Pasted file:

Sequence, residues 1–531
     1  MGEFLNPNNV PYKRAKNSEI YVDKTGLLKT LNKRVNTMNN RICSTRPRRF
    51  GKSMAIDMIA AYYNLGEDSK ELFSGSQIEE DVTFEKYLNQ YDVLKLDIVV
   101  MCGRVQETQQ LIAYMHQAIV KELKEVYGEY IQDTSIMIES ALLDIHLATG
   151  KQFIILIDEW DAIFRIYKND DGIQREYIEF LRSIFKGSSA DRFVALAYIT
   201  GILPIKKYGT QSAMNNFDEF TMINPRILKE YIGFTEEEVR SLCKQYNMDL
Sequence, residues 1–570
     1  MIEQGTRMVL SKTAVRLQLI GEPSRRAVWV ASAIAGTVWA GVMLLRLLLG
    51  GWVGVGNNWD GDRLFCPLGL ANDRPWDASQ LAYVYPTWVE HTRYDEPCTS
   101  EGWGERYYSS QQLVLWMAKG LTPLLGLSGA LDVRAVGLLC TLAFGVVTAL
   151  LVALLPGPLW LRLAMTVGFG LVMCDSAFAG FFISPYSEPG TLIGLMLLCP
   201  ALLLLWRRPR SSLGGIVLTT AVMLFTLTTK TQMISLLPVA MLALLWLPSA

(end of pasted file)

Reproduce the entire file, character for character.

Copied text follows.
Sequence, residues 1–531
     1  MGEFLNPNNV PYKRAKNSEI YVDKTGLLKT LNKRVNTMNN RICSTRPRRF
    51  GKSMAIDMIA AYYNLGEDSK ELFSGSQIEE DVTFEKYLNQ YDVLKLDIVV
   101  MCGRVQETQQ LIAYMHQAIV KELKEVYGEY IQDTSIMIES ALLDIHLATG
   151  KQFIILIDEW DAIFRIYKND DGIQREYIEF LRSIFKGSSA DRFVALAYIT
   201  GILPIKKYGT QSAMNNFDEF TMINPRILKE YIGFTEEEVR SLCKQYNMDL
Sequence, residues 1–570
     1  MIEQGTRMVL SKTAVRLQLI GEPSRRAVWV ASAIAGTVWA GVMLLRLLLG
    51  GWVGVGNNWD GDRLFCPLGL ANDRPWDASQ LAYVYPTWVE HTRYDEPCTS
   101  EGWGERYYSS QQLVLWMAKG LTPLLGLSGA LDVRAVGLLC TLAFGVVTAL
   151  LVALLPGPLW LRLAMTVGFG LVMCDSAFAG FFISPYSEPG TLIGLMLLCP
   201  ALLLLWRRPR SSLGGIVLTT AVMLFTLTTK TQMISLLPVA MLALLWLPSA